Queen of Pain: Extreme cyclist Rebecca Rusch chases racing’s thrills to Kansas
They call her the Queen of Pain, but don’t be misled.
Though the moniker is a tribute to her melding of passion and profession, Rebecca Rusch is no whip-wielding kinkstress. Outfitted in Lycra, not leather, Rusch saddles up and puts the hurt only on fellow mountain-biking masochists.
The nickname is both a nod to her ability to spank the competition and endure the agony that goes along with riding a bike for ridiculously long distances and times.
“It makes me laugh,” Rusch says of her nickname. “You don’t necessarily choose your nickname. Other people choose your nicknames for you.”
True, but many an outcast elementary schooler has been saddled with “Smelly McBooger-eater” but doesn’t make it his Twitter handle.
“I don’t want to inflict pain on myself,” said Rusch (@thequeenofpain on Twitter). “Maybe it’s more the Queen of Pain Management.”
Whatever the case, the QOP — who will be in town tonight to speak to at Sunflower Outdoor and Bike Shop — has become awfully good at what she does, which is pedal a bike longerfasterbetter than just about anybody around.
Just a few of her jaw-dropping bicycle results:
three-time winner of the Leadville Trail 100 MTB and current record holder
national cross country single-speed champion
world masters cross country champion
three-time 24-hour solo mountain bike world champion
and 24-hour team mountain bike national champion.
“I have an affinity,” she said, “to go long distances, to put my head down and be in that pain cave. Everybody knows somebody who has done something super-hard, something where you’re thinking, ‘I can’t do it,’ and you do it. You finish something like that, it’s a very addictive drug. I guess I’m just chasing that reinforcement over and over again.”
Rusch, 43, didn’t always do it on a bike.
Her first taste of endurance racing came in high school on the cross country team. Then came skiing and adventure racing, and she was crazy-successful at all of them.
Then she lost her adventure-racing sponsor and, with a year left in her deal with Red Bull, Rusch looked around and wondered just what would fill the void.
“I hated cycling,” she said. “I was lousy at it. I was uneducated and unskilled, and you never like to do things you’re lousy at. That’s the last thing I would have chosen. But I couldn’t think of anything else to do. I was always in endurance. I was a lousy sprinter. When adventure racing folded, I racked my brain. Ultra-running came to mind, but you see those races and they seem to brutally painful on the body. The only other thing was mountain-bike racing.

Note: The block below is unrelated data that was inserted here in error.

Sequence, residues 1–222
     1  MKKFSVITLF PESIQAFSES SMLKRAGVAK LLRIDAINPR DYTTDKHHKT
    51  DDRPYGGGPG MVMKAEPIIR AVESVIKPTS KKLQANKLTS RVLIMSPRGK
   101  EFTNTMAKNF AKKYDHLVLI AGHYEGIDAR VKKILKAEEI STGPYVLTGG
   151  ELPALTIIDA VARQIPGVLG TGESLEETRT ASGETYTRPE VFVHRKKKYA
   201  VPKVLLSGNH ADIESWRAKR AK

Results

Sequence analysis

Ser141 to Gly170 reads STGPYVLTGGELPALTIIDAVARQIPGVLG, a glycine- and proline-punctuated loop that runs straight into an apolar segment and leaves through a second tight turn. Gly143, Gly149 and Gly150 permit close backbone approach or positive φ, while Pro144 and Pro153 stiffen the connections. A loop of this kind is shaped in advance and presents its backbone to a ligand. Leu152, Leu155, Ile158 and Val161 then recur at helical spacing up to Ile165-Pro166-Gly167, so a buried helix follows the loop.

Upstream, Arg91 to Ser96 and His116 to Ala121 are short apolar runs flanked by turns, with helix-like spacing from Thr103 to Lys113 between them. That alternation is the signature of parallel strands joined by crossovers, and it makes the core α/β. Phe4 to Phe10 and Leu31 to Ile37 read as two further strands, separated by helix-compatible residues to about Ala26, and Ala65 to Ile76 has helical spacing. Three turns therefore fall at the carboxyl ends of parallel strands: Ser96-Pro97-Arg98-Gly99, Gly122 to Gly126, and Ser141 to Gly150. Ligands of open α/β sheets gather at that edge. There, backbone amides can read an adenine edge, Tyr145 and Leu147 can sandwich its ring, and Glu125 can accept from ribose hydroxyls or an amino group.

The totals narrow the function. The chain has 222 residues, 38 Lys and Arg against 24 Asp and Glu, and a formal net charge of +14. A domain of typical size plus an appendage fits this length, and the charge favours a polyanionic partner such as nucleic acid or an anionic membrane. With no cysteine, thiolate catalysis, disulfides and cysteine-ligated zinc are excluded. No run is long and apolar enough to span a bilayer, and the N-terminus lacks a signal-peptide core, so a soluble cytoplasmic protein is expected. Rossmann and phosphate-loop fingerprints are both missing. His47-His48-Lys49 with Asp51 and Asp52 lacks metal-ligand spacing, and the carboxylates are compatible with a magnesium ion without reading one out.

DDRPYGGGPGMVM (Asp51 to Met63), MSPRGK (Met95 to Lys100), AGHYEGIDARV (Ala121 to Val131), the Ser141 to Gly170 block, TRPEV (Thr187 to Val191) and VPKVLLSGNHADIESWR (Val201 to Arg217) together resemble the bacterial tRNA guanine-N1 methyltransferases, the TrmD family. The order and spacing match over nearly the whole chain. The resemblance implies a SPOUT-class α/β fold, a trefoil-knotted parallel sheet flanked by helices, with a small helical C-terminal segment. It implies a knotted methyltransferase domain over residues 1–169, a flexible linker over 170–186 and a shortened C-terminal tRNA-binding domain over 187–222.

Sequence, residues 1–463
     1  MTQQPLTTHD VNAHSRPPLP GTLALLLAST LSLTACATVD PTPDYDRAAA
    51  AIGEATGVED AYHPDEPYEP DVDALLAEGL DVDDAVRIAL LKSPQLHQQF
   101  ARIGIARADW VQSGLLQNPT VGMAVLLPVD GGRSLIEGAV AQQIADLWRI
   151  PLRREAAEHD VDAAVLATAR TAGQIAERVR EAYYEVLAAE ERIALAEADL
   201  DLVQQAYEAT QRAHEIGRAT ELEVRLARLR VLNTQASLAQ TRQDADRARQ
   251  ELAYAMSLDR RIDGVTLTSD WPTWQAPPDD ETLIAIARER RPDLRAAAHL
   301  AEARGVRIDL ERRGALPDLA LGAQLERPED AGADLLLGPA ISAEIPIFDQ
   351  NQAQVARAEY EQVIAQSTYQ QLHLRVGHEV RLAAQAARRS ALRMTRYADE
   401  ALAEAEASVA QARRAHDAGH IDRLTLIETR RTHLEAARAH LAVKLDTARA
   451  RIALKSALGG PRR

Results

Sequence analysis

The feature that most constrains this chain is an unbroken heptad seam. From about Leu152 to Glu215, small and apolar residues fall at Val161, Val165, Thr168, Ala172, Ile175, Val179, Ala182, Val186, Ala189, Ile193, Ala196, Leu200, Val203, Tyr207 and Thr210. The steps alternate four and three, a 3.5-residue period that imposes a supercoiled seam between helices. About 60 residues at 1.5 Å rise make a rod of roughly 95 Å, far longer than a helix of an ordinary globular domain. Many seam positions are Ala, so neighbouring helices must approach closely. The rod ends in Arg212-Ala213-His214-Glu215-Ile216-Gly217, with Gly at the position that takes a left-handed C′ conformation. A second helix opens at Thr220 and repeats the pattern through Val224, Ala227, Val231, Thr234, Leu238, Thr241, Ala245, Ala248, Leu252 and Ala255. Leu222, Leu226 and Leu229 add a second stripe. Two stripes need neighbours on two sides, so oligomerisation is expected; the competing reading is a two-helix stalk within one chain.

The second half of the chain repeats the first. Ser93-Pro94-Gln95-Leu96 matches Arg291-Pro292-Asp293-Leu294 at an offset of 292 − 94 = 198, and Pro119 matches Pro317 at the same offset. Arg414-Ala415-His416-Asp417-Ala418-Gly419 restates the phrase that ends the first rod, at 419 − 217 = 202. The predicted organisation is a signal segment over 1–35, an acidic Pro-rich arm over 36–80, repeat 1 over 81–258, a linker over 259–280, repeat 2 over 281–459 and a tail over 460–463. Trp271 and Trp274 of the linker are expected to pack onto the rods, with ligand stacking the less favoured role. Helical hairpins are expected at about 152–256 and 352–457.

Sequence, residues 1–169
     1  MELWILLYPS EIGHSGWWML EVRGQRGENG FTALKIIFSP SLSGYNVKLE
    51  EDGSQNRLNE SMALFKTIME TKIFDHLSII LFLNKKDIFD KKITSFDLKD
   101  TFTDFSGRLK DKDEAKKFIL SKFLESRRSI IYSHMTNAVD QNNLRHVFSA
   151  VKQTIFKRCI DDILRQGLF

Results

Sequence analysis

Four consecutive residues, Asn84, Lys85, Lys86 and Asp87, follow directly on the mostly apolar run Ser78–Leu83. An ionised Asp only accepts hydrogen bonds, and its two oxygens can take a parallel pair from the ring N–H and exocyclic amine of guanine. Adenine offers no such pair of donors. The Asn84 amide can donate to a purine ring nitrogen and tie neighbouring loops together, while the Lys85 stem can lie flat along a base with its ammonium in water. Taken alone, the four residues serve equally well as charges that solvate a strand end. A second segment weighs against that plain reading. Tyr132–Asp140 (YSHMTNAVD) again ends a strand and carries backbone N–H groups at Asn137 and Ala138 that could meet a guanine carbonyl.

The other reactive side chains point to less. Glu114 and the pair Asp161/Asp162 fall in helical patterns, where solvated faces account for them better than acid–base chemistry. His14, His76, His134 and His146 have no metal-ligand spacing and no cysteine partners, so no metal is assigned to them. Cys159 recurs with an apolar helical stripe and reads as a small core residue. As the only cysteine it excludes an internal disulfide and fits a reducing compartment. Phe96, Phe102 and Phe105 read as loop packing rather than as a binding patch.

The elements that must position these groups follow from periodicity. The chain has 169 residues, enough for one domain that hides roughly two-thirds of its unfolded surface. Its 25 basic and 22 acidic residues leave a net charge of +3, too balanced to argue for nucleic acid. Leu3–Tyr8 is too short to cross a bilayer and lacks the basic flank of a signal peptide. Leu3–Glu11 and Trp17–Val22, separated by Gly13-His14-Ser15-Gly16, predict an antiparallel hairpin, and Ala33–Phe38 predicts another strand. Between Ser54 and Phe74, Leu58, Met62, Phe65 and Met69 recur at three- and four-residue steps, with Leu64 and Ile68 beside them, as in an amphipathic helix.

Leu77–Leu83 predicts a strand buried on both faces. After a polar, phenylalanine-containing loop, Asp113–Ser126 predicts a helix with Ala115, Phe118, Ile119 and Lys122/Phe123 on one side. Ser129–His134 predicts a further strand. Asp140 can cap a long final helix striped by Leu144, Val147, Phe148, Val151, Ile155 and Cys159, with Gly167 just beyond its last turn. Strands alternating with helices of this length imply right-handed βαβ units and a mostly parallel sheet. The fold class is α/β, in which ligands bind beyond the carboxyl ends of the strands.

“But I didn’t think I would start a cycling career. I was just doing something to fill time for the last year of my Red Bull contract. I did one, and it all snowballed from there and became a cycling career. It really was unexpected.”
That career has taken her around the world.
Rusch, who still marvels that she can call herself a professional athlete, rules Leadville, the brutal 100-mile Colorado race contested at altitude and has competed in the Moroccan dessert and Costa Rican jungle.
Next up is Saturday’s Dirty Kanza 200, a 200-mile gravel-road sufferfest beginning and ending in Emporia.
“Dirty Kanza has a cult following,” Rusch said. “Registration fills up in a few minutes. Lots of people don’t finish. Call me a glutton for punishment, but those things appeal to me. I was in Morocco. The next most exotic locale I could think of was Kansas.”
Rusch, who lives in Ketchum, Idaho, said tonight’s visit to Sunflower was a culmination.
She rides for Specialized Bikes, and Sunflower is a Specialized shop. Occasionally, Specialized lets its athletes and dealers get — and ride — together, and Rusch thus came to know Sunflower owner Dan Hughes.
Hughes is an accomplished racer himself — he can pedal what he peddles — and so caught Rusch’s attention.
She had heard of Dirty Kanza (of which, incidentally, Hughes is the reigning solo-division men’s open champ) and was intrigued by the challenge. She counts Olathe-based Garmin among her sponsors.
And then there’s Hughes.
“We have a friendly competition,” Rusch said. “He doesn’t like to get ‘chicked,’ that’s for sure. … But he’s a super-strong rider, and he loves what he’s doing. I always wanted to visit his shop and Kansas, and since I’m racing there, there were just a lot of good reasons to go there.”
Her talk, tentatively titled “Commitment and Reaching Your Maximum Potential,” will start at 7 tonight at Sunflower (804 Mass. Street). It’s free and open to the public.